JESSICA MCCLINTOCK AT 30
FROM RICKRACK TO RICHES

Byline: Eric Wilson

NEW YORK — Her esthetic might have been ripped from the pages of a romance novel, the kind that tell of satin-tied corsets, billowing ballgowns and clingy black velvet slips. But at heart, Jessica McClintock is a tie-dyed hippie.
The irony that is part of Jessica McClintock’s career is most profound in the story of how this designer — whose signature has become “serious occasion” dresses — during the days of nonconformity, had one of her off-the-rack frocks at Dillard’s purchased by Hillary Rodham to wear at her wedding to Bill Clinton. But times do change.
In those early years of McClintock’s business, which was founded in the heart of San Francisco’s Haight-Ashbury district in 1969 as Gunne Sax, her designs were influenced by a different sort of romantic philosophy: Make love, not amour.
“At that time, everything was very counterculture,” McClintock said during an interview late last month at Lord & Taylor here, where she was kicking off a national tour of public appearances to celebrate the 30th anniversary of her business.
“I was designing for the hippies and flower children, so when I started, I was designing granny dresses,” she said. “I had a basket full of trims and rickrack, muslin and jute trim, even beads dangling from the jute trim. I never knew it, but I was doing bridal for counterculture kids.”
Thirty years later, McClintock is doing bridal for just about everyone else.
Her business is expected to have sales of $140 million this year, which includes revenues from a wholly owned fragrance, Jessica, which turns 10 this year; Gunne Sax, now a junior line; Scott McClintock for the moderate market, and Jessica McClintock in better and bridal.
McClintock also owns 26 stores around the country and plans to open a 27th in Portland, Maine, this month.
The firm has been revving up its licensing division, which is headed by McClintock’s half-brother, Jack Hedrich. The company’s oldest license, for home furnishings, was with Bibb Manufacturing. That company was recently acquired by Dan River, which plans to continue the line. In the past two years, deals have been made for licensed lines of jewelry, eyeglasses and fine china.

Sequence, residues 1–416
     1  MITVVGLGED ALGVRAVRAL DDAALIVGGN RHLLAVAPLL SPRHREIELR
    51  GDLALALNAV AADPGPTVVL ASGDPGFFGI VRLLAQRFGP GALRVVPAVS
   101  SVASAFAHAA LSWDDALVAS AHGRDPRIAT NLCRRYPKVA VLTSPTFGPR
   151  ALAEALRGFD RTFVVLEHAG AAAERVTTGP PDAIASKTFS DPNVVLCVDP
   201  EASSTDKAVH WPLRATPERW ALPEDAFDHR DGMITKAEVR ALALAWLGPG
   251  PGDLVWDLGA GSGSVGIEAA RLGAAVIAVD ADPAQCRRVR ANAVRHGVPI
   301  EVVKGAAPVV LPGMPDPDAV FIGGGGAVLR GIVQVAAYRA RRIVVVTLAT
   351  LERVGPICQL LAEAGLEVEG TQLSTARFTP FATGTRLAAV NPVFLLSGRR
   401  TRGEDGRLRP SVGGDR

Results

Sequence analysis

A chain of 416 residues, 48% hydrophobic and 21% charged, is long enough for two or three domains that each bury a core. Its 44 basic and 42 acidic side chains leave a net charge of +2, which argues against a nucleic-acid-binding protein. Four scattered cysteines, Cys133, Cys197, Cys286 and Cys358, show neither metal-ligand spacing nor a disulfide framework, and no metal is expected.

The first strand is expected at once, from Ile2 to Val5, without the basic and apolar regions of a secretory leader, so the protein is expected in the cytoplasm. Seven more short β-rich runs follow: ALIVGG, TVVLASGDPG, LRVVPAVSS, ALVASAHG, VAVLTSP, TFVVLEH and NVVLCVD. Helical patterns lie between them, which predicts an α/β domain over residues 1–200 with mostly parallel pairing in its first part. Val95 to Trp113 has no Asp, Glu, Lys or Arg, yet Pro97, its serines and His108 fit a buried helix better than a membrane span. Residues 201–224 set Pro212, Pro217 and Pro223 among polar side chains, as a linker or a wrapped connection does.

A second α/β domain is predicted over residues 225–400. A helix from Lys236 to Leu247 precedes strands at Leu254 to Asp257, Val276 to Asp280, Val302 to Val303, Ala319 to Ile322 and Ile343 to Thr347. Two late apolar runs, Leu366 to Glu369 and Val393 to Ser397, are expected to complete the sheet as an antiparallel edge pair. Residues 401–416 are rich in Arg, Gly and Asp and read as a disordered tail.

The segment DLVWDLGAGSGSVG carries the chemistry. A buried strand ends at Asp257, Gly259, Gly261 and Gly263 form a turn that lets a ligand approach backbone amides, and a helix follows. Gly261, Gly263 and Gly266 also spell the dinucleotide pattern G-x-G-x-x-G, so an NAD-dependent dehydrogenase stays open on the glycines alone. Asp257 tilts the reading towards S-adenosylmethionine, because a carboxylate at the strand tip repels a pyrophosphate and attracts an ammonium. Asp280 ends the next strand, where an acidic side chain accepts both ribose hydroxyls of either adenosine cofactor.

In addition, McClintock has been developing a new fragrance for the past three years with Givaudan-Roure, which makes Jessica, a scent based on the lily of the valley, which is plentiful in New England.
“For this one, I’ve got them going crazy trying to match the scent of a plant we used to call mayflower,” she said. “It only grew on the sides of streams. It was a very small, delicate flower, and the fragrance is extremely light. But it blooms only in the spring, so they’re going to have to go up there to capture that fragrance.”
Jessica McClintock ranked 92nd in the 1997 Fairchild 100 consumer survey of recognizable brands and fourth in its top 10 ready-to-wear category. NPD Beauty Trends named Jessica as the 10th most popular in its 1996 prestige fragrances survey, while Working Woman ranked the designer 39th in its 1997 survey of the top 50 women-owned businesses, one spot ahead of Oprah Winfrey.
Despite her success, it was a circuitous route that brought McClintock, who is 68, to the apparel industry.
Born and raised in Presque Isle, Maine, McClintock studied anthropology and psychology at Boston University, where she met her first husband, Frank Staples, who studied at the Massachusetts Institute of Technology. Staples led her to California, where he worked at Edwards Air Force Base, north of Los Angeles, developing tantalum and titanium, which are used in the nose cones of rockets.
“He was killed in an automobile accident, and I was left with a 10-year-old son,” she said. “I went back to my home grounds — New England — and ended up on Long Island.”